Machine learning (ML) is a subset of artificial intelligence that uses computer algorithms to improve automatically through experience. What if a program could adapt a graphical interface to your liking by using machine-learning technology? Well, this is what some companies are already doing. If a machine-learning program can learn from user behaviors, that is precisely why combining UX and machine learning makes sense. But it’s not as simple as it might sound. In this article, we will try to understand the challenges of machine-learning product design and how to overcome them.

The Challenge of Pairing UX with Machine Learning

One of the main challenges is that cooperation between UX designers (UXers) and engineers, such as data scientists and developers, should always be a part of any web project’s workflow. Therefore, while a significant part of a UXer’s job is to make an interface ergonomic and aesthetically pleasing, they should also be required to understand the technical basics of development as well. This will enable them to collaborate better with developers in order to understand the role machine learning can play. 

Designers know broadly what machine learning is but often can’t identify where it is needed and what it is capable of doing in a specific context. If UXers design an interface without any knowledge of how it can be developed later on and what tools are available, they won’t take advantage of the full potential of the product team. Sharing skills and understanding the basics of what our colleagues do is a necessity, especially in tech companies where many digital projects are conducted. It is essential to continuously improve as a team.

In the case of designing machine-learning-driven products, UXers should spend enough time with ML engineers in order to fully understand what ML models can do. This may seem like a waste of time but think of it as an investment. If enough time is taken during the early stages of a project, it is more likely to run smoothly and misunderstandings are less likely to occur. In the end, UXers will be able to work more efficiently and design interfaces that fully embrace ML-enhanced interactions. Continuous communication throughout the project is key.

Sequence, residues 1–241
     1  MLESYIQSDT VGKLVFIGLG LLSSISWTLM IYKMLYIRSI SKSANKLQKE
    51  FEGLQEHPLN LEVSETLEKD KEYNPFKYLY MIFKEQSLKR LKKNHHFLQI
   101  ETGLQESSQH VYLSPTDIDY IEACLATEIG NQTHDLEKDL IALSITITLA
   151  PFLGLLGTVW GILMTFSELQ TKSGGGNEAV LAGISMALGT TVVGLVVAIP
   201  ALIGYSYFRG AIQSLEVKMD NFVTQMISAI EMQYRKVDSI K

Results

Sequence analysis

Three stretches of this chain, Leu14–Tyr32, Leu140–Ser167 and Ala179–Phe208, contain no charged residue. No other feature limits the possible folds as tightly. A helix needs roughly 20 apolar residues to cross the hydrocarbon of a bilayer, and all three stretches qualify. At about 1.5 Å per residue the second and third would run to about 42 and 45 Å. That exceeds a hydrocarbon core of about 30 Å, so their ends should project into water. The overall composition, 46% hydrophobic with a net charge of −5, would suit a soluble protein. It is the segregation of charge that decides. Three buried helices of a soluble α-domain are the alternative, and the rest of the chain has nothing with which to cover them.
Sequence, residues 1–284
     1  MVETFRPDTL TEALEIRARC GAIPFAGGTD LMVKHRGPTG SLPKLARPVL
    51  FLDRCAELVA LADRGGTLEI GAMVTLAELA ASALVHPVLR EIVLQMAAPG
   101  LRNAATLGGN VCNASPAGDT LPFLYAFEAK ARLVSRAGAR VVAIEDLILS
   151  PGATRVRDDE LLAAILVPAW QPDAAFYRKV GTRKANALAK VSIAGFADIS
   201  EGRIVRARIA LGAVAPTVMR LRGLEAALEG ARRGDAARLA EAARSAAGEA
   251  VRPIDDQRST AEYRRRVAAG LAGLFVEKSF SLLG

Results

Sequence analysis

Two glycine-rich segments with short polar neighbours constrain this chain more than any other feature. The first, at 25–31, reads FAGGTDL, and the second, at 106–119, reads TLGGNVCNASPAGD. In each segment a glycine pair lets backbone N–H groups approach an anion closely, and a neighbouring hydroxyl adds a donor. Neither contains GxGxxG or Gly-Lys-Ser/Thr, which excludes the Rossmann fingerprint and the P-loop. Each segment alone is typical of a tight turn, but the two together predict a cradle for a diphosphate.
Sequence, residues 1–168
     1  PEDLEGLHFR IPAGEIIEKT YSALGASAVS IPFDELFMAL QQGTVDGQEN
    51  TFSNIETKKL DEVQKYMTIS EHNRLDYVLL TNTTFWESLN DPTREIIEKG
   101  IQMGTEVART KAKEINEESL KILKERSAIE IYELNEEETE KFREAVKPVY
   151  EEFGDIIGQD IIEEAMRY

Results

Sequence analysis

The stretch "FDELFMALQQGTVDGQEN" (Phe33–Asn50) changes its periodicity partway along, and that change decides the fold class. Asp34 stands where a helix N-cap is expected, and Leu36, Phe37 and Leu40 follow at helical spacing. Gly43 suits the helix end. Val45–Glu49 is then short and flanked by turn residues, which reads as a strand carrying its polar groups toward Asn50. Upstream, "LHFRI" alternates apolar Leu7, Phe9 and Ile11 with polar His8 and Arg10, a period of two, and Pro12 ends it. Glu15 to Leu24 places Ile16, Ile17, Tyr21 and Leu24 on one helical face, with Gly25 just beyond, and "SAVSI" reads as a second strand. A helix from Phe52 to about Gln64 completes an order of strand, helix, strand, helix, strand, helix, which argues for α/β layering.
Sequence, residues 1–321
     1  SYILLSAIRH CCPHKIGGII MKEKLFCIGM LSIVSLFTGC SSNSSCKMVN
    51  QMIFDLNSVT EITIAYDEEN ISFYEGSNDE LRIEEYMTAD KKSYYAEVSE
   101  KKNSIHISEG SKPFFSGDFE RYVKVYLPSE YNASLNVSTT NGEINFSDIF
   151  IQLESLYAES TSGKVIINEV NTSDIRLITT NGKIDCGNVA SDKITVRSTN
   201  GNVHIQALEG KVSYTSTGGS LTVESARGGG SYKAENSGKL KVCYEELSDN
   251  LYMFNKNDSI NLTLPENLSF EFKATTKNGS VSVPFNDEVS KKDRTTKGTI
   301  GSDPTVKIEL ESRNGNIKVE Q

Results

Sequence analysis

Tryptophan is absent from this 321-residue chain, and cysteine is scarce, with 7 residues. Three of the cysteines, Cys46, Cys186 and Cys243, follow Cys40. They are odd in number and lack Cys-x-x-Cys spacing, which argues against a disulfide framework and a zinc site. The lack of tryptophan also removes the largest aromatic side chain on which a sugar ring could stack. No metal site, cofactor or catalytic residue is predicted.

Machine Learning as a Design Material

Let’s look more closely at the designing phase. Adding machine learning to the design process does not automatically mean that the resulting product will be better or that users will start using it more. UX designers need to look at machine learning as a design material in order to take advantage of its capabilities and apply them effectively to the project. However, Machine Learning should not be considered as just any other traditional design material. A good method to explore would be the research-through-design approach

In general, research is conducted early on to understand what needs to be improved or implemented through UX design. It’s a separate step from the actual design process, which, when designing ML-enhanced products, often leaves UXers with a unclear idea of what needs to be done and how to achieve it. With the research-through-design approach however, research and design become an inseparable cycle: design, research, repeat. This approach allows UX experts to better understand the issues and how the technology might help, and maybe reinvent the technology’s purposes.

A Successful UX and ML Collaboration

Google’s PAIR Bungee program was created to see how UXers could effectively work alongside ML experts in order to improve the resulting product: a generative machine-learning interface to assist music composition. For this experiment, three UX designers were put into an ML research host team for three months. 

The program started with a course about machine learning basics and practices at Google. That way, the designers could begin the project with a better idea of what they would be working with. From there, the UXers implemented a user-centric approach throughout the project, which is always more likely to result in a product that resonates with the target audience. During the preparation phase, the participants defined a target audience and organized a design sprint session with the help of user interviews. Then, they picked key concepts to pursue and further explored them with users.

This experiment confirmed how relevant and efficient it is to integrate UX earlier and more fully in the ML development processes.  In the end, UXers learned more about algorithms and their capabilities while data scientists gained more insight into user-centered practices and what is worth pursuing in the first place. Organizing workshops inspired by this program could help many tech companies working with AI to take their products to the next level.

What do you think about UXers and ML engineers cooperating to develop better user-centric products? Do you think artificial intelligence algorithms will end up replacing UX designers? Let us know in the comments!

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